Thursday, March 20, 2014


Georgie Witherspoon at four: a skinny little girl with skinned knees, a thick mass of untamed chocolate brown hair, wearing mixed matched socks and dragging an old leather briefcase across the backyard and towards a small plot of earth next to the playground.

When she reaches the plot--formally a small sandbox--she drops the briefcase and wipes a bit of sweat from her brow. She surveys her work from the day before with a grin on her peanut butter stained face. She practically inhaled her lunch so she could get out and work in her garden.

She opens the briefcase and smiles wider at the treasure she had found on her nature walk with Moira: a breathtakingly beautiful collection of rocks and stones. There was a variety of shapes and colors, and a few that shimmered. And the best one of all was a big grey and black one, the size and shape of a football. Georgie knew just where she wanted to put it too!

She took off her blue, then yellow sock, grabbed her little green shovel, and stepped inside giggling at the ticklish feeling of earth between her toes. She carefully steps around the blue egg-shaped stone she found in Gram Angie’s backyard. She put lots of red rocks around that one to keep it warm, just in case it hatched. She hopped over the pinkish, veiny one, which she surrounded with grey rocks to keep it cool. She found that one near Mother’s rose garden. She was pretty sure it was a brain. Maybe Isaiah’s; his nanny was always asking him where his brain was.

She tiptoed right by the big brown and speckled white one she found at the beach, along with six little ones that looked just like it. It was a sleeping Mother Owl and her babies. Georgie kept a small bowl near them and never forgot to fill it with bird seed every evening so they would have food when they woke up. The bowl was empty again, as it was every afternoon she came to work in her garden.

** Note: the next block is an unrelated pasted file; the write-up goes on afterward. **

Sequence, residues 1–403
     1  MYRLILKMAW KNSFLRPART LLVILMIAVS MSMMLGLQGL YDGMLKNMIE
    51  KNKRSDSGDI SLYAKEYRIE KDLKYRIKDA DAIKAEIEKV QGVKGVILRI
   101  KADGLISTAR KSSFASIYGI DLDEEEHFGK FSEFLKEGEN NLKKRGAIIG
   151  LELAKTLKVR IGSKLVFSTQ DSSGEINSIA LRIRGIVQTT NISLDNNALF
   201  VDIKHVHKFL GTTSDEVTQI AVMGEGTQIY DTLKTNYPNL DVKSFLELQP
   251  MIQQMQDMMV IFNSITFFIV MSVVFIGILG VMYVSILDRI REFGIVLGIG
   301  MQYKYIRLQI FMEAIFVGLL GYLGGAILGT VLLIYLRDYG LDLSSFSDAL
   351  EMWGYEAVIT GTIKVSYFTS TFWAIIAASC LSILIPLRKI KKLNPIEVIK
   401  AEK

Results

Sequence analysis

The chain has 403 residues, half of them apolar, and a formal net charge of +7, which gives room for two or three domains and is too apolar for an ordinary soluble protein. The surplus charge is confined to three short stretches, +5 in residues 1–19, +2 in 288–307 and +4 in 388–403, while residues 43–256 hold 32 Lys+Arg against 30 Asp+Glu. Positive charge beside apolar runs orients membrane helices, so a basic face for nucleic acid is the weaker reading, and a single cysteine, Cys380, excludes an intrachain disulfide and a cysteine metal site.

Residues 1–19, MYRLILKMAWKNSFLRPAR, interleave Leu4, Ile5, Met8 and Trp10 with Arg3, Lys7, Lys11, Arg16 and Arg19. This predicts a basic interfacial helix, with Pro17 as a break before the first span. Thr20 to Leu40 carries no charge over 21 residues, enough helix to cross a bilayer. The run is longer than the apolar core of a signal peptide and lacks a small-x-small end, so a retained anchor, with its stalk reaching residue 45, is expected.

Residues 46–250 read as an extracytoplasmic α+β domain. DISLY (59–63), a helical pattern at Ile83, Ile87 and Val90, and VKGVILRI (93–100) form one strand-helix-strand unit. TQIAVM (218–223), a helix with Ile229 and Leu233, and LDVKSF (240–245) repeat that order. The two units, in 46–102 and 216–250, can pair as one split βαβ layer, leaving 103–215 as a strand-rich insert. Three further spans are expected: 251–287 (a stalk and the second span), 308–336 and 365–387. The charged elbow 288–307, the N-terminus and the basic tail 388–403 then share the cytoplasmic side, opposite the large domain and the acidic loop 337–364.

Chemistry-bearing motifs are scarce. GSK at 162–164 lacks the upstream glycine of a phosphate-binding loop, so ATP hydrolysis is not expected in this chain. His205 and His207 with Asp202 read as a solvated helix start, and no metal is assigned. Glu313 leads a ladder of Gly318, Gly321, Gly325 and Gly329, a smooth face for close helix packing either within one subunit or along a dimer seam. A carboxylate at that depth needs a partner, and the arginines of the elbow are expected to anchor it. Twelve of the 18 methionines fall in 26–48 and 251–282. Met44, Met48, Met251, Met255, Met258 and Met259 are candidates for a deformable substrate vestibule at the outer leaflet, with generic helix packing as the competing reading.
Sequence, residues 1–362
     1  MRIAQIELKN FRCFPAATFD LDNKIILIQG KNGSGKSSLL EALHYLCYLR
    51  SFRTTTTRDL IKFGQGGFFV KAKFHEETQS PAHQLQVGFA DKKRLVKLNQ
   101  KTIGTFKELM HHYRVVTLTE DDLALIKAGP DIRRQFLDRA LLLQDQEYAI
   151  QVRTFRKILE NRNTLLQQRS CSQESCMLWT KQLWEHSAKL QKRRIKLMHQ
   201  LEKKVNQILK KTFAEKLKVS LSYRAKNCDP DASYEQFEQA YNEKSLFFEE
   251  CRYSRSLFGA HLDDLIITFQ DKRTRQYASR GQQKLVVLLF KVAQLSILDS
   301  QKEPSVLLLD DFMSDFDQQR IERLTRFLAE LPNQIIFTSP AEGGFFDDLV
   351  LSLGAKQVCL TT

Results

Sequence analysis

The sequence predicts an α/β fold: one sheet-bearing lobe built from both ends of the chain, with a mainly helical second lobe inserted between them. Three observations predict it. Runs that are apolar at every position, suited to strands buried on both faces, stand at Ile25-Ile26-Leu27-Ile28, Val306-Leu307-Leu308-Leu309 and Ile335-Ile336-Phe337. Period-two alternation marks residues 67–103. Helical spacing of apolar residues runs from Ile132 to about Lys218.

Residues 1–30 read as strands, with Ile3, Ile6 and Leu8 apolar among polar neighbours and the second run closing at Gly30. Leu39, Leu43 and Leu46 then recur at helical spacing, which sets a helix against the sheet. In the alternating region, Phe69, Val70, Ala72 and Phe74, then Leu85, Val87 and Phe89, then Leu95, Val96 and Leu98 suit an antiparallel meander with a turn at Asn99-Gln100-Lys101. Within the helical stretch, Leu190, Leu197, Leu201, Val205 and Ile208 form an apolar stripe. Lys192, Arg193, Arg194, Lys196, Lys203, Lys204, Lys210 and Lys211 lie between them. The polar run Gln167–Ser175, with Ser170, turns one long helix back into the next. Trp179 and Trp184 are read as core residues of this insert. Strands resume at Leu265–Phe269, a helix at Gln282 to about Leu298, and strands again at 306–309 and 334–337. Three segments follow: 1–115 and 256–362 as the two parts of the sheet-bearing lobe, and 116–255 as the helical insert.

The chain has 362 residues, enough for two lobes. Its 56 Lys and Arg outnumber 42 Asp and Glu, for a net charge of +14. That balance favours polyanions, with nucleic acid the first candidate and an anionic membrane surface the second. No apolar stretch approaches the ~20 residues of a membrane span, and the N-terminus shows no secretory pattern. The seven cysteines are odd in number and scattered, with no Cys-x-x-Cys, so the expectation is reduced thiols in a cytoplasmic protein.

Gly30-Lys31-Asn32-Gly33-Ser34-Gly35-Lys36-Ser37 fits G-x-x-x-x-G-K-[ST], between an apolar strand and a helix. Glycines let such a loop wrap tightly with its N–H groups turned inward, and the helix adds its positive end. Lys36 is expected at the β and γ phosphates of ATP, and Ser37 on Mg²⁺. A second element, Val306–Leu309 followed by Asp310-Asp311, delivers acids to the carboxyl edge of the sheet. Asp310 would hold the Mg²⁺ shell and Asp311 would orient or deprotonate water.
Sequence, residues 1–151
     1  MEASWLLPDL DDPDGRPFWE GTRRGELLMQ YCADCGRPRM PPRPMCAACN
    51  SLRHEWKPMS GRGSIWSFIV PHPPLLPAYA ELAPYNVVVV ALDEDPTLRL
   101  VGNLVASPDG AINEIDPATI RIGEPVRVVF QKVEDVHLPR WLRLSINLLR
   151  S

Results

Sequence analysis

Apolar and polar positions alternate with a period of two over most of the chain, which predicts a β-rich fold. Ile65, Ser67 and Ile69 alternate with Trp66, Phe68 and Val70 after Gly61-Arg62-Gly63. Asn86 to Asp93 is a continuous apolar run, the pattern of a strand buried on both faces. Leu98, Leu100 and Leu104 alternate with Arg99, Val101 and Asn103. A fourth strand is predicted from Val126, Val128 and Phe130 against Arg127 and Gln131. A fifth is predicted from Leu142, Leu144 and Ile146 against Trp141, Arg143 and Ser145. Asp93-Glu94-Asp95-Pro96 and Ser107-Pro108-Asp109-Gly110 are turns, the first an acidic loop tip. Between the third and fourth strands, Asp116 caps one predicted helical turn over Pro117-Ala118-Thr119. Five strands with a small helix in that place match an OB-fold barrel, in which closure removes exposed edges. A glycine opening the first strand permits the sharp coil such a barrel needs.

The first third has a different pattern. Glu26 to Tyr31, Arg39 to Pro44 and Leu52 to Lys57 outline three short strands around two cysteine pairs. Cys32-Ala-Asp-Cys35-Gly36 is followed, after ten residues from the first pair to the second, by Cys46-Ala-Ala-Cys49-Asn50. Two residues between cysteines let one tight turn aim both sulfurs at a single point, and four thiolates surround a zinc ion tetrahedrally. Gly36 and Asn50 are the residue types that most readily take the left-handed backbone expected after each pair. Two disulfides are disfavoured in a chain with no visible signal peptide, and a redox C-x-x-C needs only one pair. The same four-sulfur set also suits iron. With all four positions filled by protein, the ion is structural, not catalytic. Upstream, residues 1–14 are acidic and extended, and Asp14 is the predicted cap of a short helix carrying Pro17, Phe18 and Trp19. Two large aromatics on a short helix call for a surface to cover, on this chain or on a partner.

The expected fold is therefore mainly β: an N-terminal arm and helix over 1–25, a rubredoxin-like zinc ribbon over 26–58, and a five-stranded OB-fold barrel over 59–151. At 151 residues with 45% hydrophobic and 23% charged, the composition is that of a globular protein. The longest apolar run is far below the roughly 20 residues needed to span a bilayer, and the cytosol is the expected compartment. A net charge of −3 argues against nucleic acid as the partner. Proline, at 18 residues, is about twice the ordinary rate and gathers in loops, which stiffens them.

Right in the middle was where she would put her newest finds; a big piece of the moon and a few stars that must have fallen from the sky during last week’s rainstorm. They had been carefully scrubbed during her bath last night and were ready to be planted. She dug an ankle deep hole just for that stone and drew a circle in the earth around it for the others. Then she took the same path to retrieve her moonstone.

As though it were a precious crown, she carried it to its new spot, carefully set it inside the hole and filled the gaps with earth, cushioning it like pillows. Just as tenderly, she placed the three shimmering star rocks--blue, white, and tan--in a triangle around the moon. Then she placed the remaining seven rocks around them: A big peach one for Daddy, a medium sized dark brown one for Mother, a long light brown one for Elijah, a long light tan one for Isaiah, a creamy pinkish little one for Jennifer, a honey hued baby one for Georgie, and a medium sized reddish-brown one for Moira.

She stood back and admired her work, the sunshine making the star rocks shimmer, and her seven little family of rocks that looked almost like they were dancing. She filled the owl bowl with more bird seed from her briefcase, packed up her shovel and socks and dragged the case back inside.

Another wonderful afternoon in the garden.

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